But I'm afraid it can't be done."Certainly not; it can't be done," repeated the Humbug."Why not?" asked Milo."Why not indeed?" exclaimed the bug, who seemed equally at home on either side of an argument."Much too difficult," replied the king."Of course," emphasized the bug, "much too difficult."You could if you really wanted to," insisted Milo."By all means, if you really wanted to, you could," the Humbug agreed."How?" asked Azaz, glaring at the bug."How?" inquired Milo, looking the same way."A simple task," began the Humbug, suddenly wishing he were somewhere else, "for a brave lad with a stout heart, a steadfast dog, and a serviceable small automobile.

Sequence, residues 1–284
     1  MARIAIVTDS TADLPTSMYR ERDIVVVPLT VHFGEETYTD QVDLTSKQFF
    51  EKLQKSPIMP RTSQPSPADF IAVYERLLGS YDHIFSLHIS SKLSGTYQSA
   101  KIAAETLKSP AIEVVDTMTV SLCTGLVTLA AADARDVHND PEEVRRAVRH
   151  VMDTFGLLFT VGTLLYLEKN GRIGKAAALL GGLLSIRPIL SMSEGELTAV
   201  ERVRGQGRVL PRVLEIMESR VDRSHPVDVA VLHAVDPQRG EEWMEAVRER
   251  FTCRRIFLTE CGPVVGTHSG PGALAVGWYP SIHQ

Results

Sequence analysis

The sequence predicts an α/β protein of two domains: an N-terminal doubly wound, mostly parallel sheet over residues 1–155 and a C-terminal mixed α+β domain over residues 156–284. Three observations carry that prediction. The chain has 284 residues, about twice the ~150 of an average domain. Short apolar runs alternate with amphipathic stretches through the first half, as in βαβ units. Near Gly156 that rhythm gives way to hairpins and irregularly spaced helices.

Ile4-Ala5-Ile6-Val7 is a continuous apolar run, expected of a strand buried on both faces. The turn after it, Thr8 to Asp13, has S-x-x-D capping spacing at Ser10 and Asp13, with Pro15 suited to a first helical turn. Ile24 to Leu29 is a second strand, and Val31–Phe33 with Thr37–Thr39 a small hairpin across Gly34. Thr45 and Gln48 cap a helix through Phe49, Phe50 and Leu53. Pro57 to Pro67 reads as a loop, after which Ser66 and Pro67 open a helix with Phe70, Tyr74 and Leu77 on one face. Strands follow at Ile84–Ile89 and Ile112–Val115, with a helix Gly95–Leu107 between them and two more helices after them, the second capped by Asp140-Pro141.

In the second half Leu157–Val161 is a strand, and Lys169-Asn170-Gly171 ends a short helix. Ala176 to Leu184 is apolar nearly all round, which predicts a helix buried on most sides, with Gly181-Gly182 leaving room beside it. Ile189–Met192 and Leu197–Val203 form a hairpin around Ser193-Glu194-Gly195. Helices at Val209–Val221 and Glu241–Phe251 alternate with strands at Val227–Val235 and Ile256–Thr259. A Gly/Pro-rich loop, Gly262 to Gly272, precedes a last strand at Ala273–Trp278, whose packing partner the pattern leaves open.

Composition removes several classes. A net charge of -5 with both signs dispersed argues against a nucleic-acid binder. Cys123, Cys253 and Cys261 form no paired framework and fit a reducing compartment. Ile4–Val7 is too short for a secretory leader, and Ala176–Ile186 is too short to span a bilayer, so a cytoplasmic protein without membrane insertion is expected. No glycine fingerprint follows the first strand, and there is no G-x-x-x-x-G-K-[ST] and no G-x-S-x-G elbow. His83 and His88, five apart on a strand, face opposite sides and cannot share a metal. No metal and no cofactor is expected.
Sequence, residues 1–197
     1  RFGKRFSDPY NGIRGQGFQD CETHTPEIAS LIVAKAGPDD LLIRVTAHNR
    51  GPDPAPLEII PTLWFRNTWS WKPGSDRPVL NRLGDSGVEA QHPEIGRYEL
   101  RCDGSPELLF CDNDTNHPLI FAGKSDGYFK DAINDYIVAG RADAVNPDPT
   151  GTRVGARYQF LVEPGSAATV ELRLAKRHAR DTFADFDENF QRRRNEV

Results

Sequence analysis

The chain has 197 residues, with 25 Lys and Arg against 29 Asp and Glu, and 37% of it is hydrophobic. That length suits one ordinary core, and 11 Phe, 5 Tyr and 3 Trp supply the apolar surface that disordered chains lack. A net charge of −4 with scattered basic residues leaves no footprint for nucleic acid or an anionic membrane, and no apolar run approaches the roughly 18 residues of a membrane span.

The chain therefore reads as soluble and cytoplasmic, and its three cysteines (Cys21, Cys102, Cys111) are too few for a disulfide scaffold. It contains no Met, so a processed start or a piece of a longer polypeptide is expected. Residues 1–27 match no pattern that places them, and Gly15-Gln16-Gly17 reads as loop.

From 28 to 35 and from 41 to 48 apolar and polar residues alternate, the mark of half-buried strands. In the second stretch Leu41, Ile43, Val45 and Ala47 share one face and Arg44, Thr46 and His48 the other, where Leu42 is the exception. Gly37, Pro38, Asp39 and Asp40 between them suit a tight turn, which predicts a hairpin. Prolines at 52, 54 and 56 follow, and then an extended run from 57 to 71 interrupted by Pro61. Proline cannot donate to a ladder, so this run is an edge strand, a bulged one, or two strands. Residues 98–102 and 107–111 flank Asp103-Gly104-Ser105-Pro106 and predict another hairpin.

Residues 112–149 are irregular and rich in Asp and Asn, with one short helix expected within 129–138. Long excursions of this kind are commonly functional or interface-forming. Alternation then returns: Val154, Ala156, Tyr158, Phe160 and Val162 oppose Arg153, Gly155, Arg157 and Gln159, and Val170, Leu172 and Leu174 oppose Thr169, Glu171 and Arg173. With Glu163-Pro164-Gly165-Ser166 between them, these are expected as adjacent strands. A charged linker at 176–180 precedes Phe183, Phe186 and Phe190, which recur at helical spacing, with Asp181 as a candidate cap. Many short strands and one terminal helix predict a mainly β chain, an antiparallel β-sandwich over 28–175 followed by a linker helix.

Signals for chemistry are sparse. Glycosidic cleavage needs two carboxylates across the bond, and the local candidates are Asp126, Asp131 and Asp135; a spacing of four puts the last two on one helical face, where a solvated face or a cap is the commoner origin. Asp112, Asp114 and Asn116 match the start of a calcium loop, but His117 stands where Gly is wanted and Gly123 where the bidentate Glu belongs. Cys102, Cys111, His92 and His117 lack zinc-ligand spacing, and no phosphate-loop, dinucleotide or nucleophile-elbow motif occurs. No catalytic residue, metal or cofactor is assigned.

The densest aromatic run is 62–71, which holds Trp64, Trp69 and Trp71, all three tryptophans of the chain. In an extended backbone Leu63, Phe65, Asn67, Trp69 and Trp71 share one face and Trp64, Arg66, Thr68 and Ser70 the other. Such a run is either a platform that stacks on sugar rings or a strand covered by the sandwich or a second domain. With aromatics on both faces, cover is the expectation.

The lightning bugs are back. They fly low to the ground as the lawn dissolves from green to black in the dusk. Seeing them, I can reconstruct a childhood: a hot night under tall trees; the Good Humor man, in his square white truck, the freezer smoky when he reaches inside for an ice cream. The lightning bugs trapped in empty jars with holes on top. "Let them out," our mother said, "or they will die in there." We were careless. We alwaysforgot to open the jars. The bugs would be there in the morning, their yellow tails dim in the white light of the summer sun, pathetic as they lay ontheir backs. We were always horrified by what we had done. As night fell we shook them out and caught more. I relive the magic of the yellow light without the bright white of hindsight. The little flares in the darkness, a distillation of the kind of life we think we had, we wish we had, we want again.